Revisiting Test-Port using a PowerShell workflow

I’ve been using the Test-Port code provided by Boe Prox that you can find in the script gallery on this page: http://gallery.technet.microsoft.com/scriptcenter/97119ed6-6fb2-446d-98d8-32d823867131

Instead of testing first if a computer replies to an ICMP request and then testing with the built-in cmdlet Test-WSMan if the powershell remoting is working, I prefer to kill two birds with one stone. Before showing how, let me mention a few interesting links on this topic:

I prefer to test if the TCP port 5985 (default PS remoting port) is opened because you can actually reduce the timeout when it fails.
And, as I previously said, when it succeeds, it also means that a remote computer is present on the network and that its firewall configuration allows you to reach its WinRM (Windows Remote Management) service.

Workflow Test-TCPPort {            
 param(            
    [parameter(mandatory)]            
    [string[]]$ComputerName,            
            
    [parameter()]            
    [ValidateRange(1,65535)]            
    [int]$Timeout=1000,            
            
    [parameter()]            
    [ValidateRange(1,65535)]            
    [int]$Port=5985            
)            
    ForEach -parallel ($Computer in $ComputerName){            
        Sequence {            
            $obj = Inlinescript {            
            
                #Reset             
                $Open = $false            
            
                #Create object for connecting to port on computer              
                $tcpobject = New-Object -TypeName System.Net.Sockets.TcpClient              
                                
                #Connect to remote machine's port                            
                $connect = $tcpobject.BeginConnect($using:Computer,$using:Port,$null,$null)              
            
                #Configure a timeout before quitting              
                $wait = $connect.AsyncWaitHandle.WaitOne($using:Timeout,$false)              
                                
                #If timeout              
                If(!$wait)            
                {              
                    $tcpobject.Close()              
                    $Result = "Timed Out"              
                } Else {              
                    try {            
                        $tcpobject.EndConnect($connect) | out-Null              
                        $Open = $true            
                        $Result = 'Success'            
                    } catch {            
                        $Result = "Error"            
                    }            
                    $tcpobject.Close()              
                }            
                New-Object -TypeName PSObject -Property @{            
                    Computer = $using:Computer            
                    Port = $using:Port            
                    Opened = $Open            
                    Result = $Result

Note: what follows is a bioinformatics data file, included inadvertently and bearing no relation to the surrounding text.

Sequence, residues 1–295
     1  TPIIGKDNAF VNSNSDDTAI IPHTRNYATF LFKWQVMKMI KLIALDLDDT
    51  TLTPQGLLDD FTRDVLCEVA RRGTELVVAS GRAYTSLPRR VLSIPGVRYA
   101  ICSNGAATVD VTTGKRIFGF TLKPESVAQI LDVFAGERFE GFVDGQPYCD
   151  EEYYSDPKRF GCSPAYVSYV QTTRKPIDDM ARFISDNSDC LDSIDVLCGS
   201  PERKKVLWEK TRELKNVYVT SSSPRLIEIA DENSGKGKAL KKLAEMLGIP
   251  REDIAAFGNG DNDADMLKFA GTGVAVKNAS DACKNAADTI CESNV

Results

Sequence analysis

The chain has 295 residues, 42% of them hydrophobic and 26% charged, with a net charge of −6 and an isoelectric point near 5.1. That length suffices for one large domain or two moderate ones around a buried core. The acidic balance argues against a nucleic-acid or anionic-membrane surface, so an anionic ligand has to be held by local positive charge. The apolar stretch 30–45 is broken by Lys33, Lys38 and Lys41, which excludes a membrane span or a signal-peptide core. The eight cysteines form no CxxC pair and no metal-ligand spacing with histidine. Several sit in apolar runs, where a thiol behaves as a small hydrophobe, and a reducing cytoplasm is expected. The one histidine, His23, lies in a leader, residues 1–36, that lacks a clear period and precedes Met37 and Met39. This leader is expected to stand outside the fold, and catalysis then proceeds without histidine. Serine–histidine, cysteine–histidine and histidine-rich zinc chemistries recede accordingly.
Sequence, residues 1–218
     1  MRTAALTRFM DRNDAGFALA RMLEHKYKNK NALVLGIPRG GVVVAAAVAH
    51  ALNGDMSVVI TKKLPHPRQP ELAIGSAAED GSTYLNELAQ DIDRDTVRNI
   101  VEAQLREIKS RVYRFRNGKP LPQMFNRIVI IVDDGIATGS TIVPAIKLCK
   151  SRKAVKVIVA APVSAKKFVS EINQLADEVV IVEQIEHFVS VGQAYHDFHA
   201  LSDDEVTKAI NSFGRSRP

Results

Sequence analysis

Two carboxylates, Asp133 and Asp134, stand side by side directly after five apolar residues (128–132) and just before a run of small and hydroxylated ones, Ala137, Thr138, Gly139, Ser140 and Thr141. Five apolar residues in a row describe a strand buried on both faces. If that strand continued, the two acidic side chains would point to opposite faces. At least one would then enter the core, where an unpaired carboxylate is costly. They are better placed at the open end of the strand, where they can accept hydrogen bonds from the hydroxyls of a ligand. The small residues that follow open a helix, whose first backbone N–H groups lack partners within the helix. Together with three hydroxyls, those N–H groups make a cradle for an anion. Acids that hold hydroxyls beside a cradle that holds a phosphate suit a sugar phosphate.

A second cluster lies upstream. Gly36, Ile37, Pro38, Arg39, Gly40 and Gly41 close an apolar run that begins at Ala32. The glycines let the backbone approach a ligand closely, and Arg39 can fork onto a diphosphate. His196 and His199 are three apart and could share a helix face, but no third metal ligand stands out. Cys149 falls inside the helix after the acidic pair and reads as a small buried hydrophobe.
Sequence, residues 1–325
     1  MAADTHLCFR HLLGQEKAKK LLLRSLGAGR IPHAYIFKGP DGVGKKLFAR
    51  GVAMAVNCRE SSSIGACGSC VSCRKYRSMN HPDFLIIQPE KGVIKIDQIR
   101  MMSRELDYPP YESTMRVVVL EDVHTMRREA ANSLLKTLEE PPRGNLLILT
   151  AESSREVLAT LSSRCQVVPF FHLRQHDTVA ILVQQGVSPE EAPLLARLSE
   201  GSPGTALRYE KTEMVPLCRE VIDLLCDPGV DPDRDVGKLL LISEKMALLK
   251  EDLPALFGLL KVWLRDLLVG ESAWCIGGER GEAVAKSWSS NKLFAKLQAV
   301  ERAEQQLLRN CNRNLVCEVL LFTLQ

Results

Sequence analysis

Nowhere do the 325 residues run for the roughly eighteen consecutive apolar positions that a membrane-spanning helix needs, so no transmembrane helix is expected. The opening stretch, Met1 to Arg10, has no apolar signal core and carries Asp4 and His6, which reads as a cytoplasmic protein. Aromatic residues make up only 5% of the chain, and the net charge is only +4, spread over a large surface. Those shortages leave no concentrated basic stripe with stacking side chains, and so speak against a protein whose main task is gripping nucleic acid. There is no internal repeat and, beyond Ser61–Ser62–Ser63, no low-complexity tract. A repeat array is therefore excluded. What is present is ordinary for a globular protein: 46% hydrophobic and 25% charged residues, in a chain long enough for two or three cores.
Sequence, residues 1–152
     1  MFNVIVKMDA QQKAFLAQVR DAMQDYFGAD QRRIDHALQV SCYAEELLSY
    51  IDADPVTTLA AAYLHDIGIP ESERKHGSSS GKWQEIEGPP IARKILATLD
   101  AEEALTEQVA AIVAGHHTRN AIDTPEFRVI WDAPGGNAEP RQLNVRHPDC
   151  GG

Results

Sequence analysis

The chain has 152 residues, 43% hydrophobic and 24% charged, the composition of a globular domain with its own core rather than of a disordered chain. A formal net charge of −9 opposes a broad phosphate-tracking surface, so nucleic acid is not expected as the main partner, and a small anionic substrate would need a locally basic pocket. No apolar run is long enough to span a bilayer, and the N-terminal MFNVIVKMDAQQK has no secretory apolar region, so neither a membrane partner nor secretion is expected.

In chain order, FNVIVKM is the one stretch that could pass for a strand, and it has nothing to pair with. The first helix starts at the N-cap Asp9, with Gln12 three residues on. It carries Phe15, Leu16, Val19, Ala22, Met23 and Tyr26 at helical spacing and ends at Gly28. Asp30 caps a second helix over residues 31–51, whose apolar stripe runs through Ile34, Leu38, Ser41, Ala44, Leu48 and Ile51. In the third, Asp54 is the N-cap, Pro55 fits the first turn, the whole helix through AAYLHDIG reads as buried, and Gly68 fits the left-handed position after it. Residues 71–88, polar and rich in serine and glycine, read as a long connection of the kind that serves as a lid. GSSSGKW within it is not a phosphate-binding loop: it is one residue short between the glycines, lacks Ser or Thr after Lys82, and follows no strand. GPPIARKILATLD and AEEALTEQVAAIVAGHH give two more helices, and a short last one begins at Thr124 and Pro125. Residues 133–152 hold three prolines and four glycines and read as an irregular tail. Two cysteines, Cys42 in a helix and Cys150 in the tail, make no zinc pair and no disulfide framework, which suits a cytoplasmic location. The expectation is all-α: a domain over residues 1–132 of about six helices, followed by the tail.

}            
            }            
            $obj            
        }            
    }            
} # end of workflow

NB: the timeout value represents milliseconds. I don’t remember why I’ve set an upper limit. Anyway 65585 milliseconds equals to 65.585 seconds which should be enough in most use cases of this workflow.
PS: Powershell workflows have been introduced in Powershell Version 3.0 -> Get the ‘Windows Management Framework 3.0’

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2 thoughts on “Revisiting Test-Port using a PowerShell workflow

  1. Hi Karl,

    You’re right, if you haven’t changed the default workflow session limits. Powershell.exe is executed if the workflow was launched locally. If you execute the same workflow on remote computers, the hosting process is wsmprovhost.exe (PSComputerName parameter of the workflow).

    Default configuration can be viewed like this:
    Get-PSSessionConfiguration Microsoft.Powershell.Workflow | fl *

    Workflow design and testing are also important. In my environment each parallel powershell.exe process used by the workflow consumes about 50MB of RAM. It’s not a problem as it runs on VM where dynamic memory has been configured.

    If I broaden the scope of your comment, it actually raises the question about choosing the right balance between workflow options and the hardware resources it will consume. It has to been well designed and tested before going into production.

    I’d recommend reading at least the following pages about workflow session options:
    New-PSWorkflowExecutionOption http://technet.microsoft.com/library/hh849862.aspx
    http://blogs.msdn.com/b/powershell/archive/2012/06/15/high-level-architecture-of-windows-powershell-workflow-part-1.aspx
    http://blogs.msdn.com/b/powershell/archive/2012/06/19/high-level-architecture-of-windows-powershell-workflow-part-2.aspx

    For this particular case of testing ports, I’d also say that it shouldn’t be too aggressive, as other parts on the network may not support it. I mean some security related feature of network routers, an intrusion detection system (IDS), a super network aware client host antivirus,..

    /Emin

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